Turning tools that are carried on the gang slides will make contact with this bar in close proximity to the guide bushing. The bar’s motion offers the feed required for the cutting action. The gang slides will carry the holders for the fixed single-point tools or any of the other tools and can even support the live tooling. Many of these machines use back-working tool stations and secondary spindles and in some cases a turret or more that is able to carry additional tools.

The History Of The Swiss Type Lathe

The Swiss CNC automatics are recognized as the modern and latest thing, however, the former mechanical machines have been used for over a century. In the era of the 1800’s industrialization increased which resulted in the need for parts that were interchangeable that were manufactured with precision. The inventors of this time developed the necessary technologies to assist in meeting up with these demands.

In 1870 the collet-chuck was patented which allowed for the use of the bar stock. Shortly after this, the very first of the “moving” headstock machines were created in Switzerland. The machines were named Swiss-type screw machines that were used mainly in watch-making industries.

Around the 1960s these Swiss machines started to be used in many other industries and by the 1970’s the first CNC versions were released. As time went by the tooling-area choices started to include the gang slides and turrets, secondary spindles and live tooling. In the 1980’s Swiss machines began to be used extensively for the production of parts for the electronic and semiconductor industries.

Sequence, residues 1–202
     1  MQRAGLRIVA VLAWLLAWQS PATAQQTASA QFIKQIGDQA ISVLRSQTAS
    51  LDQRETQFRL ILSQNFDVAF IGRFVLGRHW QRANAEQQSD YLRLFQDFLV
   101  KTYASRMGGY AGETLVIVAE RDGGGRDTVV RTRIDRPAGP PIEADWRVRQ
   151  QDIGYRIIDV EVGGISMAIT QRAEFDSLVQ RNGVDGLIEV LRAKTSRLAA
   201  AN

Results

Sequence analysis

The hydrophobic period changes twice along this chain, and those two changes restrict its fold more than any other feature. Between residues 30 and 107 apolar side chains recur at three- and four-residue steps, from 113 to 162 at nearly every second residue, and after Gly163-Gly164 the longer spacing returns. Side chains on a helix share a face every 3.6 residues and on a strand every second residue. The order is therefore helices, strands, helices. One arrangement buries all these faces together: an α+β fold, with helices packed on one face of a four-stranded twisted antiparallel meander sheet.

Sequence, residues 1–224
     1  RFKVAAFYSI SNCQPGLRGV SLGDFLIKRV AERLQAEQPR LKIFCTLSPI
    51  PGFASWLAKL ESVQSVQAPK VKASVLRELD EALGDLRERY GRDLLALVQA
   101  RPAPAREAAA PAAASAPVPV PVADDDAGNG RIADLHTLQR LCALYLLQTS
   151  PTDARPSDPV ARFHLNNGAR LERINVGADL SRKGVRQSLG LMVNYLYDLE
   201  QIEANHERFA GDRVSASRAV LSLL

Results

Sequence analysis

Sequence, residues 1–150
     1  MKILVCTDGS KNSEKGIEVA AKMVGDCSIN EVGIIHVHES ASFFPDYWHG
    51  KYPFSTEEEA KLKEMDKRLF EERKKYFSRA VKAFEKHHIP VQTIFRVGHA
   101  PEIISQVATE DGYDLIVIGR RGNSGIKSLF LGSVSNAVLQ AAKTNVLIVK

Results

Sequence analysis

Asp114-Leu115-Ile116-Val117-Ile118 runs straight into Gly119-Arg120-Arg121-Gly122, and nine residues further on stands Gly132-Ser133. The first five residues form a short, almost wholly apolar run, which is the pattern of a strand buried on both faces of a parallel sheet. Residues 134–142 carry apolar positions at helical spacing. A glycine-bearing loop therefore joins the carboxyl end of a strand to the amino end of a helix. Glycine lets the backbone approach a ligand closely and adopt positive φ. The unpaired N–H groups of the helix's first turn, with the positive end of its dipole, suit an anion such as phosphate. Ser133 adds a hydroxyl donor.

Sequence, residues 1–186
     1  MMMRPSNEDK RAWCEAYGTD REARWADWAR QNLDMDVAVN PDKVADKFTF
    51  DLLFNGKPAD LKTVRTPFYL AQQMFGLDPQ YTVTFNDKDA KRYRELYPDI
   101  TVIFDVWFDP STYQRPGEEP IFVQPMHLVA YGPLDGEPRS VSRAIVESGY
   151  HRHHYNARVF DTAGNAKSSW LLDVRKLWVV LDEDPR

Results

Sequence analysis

In the 1990s improvements were made on the design of the controls and servomotors that resulted in more advanced, faster and stronger machines in order to produce parts for aerospace and medical applications over and above the typical machining work.

Adding Swiss Type Lathes Into Your Shop

For businesses that run complex and small parts on CNC lathes, these companies can experience faster machine cycles, and more profit with a Swiss machine that will free up these lathes for more appropriate and larger parts. For example, many shops may feature up to 10 conventional CNC lathes and in many cases the parts that are made could be easily be produced on the Swiss machines. In most cases the business could benefit from running just about all these parts on two Swiss machines opposed to the 10 conventional CNC lathes.

A variety of the newer Swiss users now operate fixed-head lathes that are multifunctional that drill and mill over and above turning. What is great about these Swiss machines is that they are familiar to many of the users and the offline programming-software assists the users in creating programs that are tailored and designed for Swiss operations.